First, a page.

When Boris Johnson edited this magazine, it proposed an amnesty for illegal immigrants — a controversial notion, but an idea he has stuck to. As London Mayor he suggested an ‘earned amnesty’: if bureaucracy had failed over many years to catch up with the 400,000 undocumented migrants in the capital, he reasoned, why not regularise their status so that they could start paying taxes and contributing to the country in other ways? When this magazine reprised the issue last week, the usual objections were recycled: why reward criminality? But the actual cases are more complicated.
Trevor Rene is one such case. He was born in Dominica in 1969 when it was still a British colony, so as a child he had a British passport. He has family in Britain because his grandfather moved here in the early 1950s, as one of the Windrush generation. He lost his UK passport when Dominica gained independence in 1978, but went on to respond to an advert for recruits to the British army. The Royal Electrical and Mechanical Engineers didn’t mind about his status. He has photos of his passing-out parade on the walls of his Hertfordshire home, along with the oath of allegiance he swore to the Queen on joining the army. On Remembrance Sunday in 2012 he took part in the Cenotaph ceremony.
‘They were advertising all over the Caribbean,’ he says when we meet in his home in Welwyn Garden City. So he travelled over and signed up. ‘I arrived at Gatwick, told them what I was doing here, and they gave me a six-month stamp in my passport.’ He reported to an army careers office in London. ‘I was 38 and they said I was too old to join the regular army, as they were only taking people up to 35. They told me I had to go to a local army unit.’ He went to Whipps Cross, east London and joined up as a reservist. ‘They asked me for my passport, and saw the six-month visa.’
His Commanding Officer sponsored his application to stay. And as the wheels of bureaucracy ground on, he continued to serve in uniform, his job being to repair Land Rovers. In the meantime he managed to go on holiday to Turkey and re-enter Britain without trouble. In 2011, however, he was asked to send his passport to the Home Office, and hasn’t seen it since. In 2013, returning in a troop truck at Harwich from a Nato exercise in Denmark, he was asked for his passport. ‘I said I didn’t have one because it was with the Home Office.’ They let him through, but the incident must have awoken someone in immigration control.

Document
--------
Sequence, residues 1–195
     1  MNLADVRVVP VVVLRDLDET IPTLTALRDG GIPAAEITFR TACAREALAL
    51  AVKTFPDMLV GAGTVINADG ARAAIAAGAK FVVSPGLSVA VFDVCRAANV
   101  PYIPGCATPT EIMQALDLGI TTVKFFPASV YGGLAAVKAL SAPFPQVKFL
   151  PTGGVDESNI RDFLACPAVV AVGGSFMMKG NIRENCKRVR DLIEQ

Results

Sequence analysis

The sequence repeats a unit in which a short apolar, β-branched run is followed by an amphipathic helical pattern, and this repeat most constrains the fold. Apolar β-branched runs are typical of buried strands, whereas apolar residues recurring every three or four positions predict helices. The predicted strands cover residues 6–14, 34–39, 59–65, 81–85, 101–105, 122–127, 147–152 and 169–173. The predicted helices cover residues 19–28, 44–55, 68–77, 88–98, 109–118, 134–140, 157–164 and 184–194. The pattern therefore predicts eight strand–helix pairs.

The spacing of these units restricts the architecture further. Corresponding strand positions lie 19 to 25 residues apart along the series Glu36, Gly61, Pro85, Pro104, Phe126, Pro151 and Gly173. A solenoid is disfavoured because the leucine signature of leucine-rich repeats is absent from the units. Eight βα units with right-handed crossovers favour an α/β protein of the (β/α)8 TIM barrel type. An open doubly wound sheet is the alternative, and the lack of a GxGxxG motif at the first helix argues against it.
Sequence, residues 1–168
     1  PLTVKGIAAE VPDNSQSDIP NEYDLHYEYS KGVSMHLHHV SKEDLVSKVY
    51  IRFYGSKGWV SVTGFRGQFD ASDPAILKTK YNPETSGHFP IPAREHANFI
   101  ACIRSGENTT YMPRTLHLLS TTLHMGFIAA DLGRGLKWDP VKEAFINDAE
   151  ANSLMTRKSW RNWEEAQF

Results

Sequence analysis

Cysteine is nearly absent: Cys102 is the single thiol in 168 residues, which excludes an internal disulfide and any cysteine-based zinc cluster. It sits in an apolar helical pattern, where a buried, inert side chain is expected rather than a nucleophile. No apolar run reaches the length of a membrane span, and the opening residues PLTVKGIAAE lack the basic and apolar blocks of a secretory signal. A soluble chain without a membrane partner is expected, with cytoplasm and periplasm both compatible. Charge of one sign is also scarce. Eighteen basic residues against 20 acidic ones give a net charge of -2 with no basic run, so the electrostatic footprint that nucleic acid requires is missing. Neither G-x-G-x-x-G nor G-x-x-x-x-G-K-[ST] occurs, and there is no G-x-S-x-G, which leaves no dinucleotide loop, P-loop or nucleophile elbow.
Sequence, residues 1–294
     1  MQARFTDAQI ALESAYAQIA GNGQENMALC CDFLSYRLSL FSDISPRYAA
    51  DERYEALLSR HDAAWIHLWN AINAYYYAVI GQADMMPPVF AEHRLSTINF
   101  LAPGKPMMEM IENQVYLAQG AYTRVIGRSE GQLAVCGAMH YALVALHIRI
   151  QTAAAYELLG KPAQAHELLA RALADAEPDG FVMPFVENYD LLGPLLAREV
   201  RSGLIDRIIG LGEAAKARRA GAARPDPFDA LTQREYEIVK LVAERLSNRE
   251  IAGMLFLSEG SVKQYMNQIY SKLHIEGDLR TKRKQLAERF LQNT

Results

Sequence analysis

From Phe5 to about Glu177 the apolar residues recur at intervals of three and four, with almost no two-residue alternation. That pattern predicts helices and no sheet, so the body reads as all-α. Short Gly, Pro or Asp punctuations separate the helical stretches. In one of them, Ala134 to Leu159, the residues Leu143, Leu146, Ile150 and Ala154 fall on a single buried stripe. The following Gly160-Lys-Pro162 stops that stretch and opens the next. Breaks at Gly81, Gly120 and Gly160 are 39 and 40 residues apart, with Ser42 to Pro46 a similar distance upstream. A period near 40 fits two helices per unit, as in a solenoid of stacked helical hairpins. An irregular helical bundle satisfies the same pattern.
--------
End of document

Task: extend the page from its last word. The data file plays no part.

‘The Home Office contacted my unit and said they had an illegal entrant working for them, but they knew that I came via Gatwick airport. I didn’t come on the back of a lorry, I came the proper way. The army told me that they had to let me go but said I could always come back once I was regulated.’ Not only was he thrown out of the army — which had accepted him six years earlier, knowing his migration status — he was forbidden from seeking any other kind of paid employment.
So he then joined tens of thousands in a twilight zone: people who arrived legally, but whose visas ran out — who loved the country and sought to stay. People whose behaviour and conduct have been faultless, but who are nonetheless pursued by the authorities because they are an easier target than genuine criminals. And people who, while they continue their fight through the courts, are prevented from contributing to the economy by laws that have not adjusted to the fact that there are now 1.2 million in this legal limbo.
Trevor received a letter demanding that he visit a police station in Hatfield once a month to sign in. ‘I thought it was bogus at first. The Home Office said I would run away, but run away from what?’ So every month for two years he duly signed in — until December 2016. ‘I tried to sign in as normal and they detained me, no warning or anything.’ He says he was locked in a police cell for 24 hours and then transferred to the Campsfield detention centre in Oxfordshire, where he was initially locked up with Romanians. ‘I asked why they were there when they came from an EU country. It turned out they were criminals, and there was no room in prison.’ Later, he found himself sharing a cell with a Filipino who gave him the number of a solicitor.
After 17 days he was allowed out, but only after his wife Diane paid his £700 bail. He has been refused a spousal visa, on the grounds that his wife does not earn above a threshold of £18,600, something he says is incorrect. His right to a family life would doubtless stop his deportation, but the system pursues him regardless. ‘I’m not asking for a passport,’ he says. ‘All I want is indefinite leave to remain. Let me continue my life, and start to work and pay my taxes.’ Like so many, he has been shunted into a siding, unable to work — yet unable to leave the country of his own free will as the government has his passport. Given his six years of service in the armed forces and his marriage to a British citizen, you might wonder what more he must do to prove worthy of being allowed to live here.
It should be a sobering thought for the Conservatives that had Boris’s proposal for an amnesty for longstanding illegal migrants been adopted by the Cameron government, the Windrush scandal would never have happened. The Prime Minister should be brave enough to recognise that he was right — and commit his party to an amnesty.
Fraser Nelson on the arguments for and against an amnesty.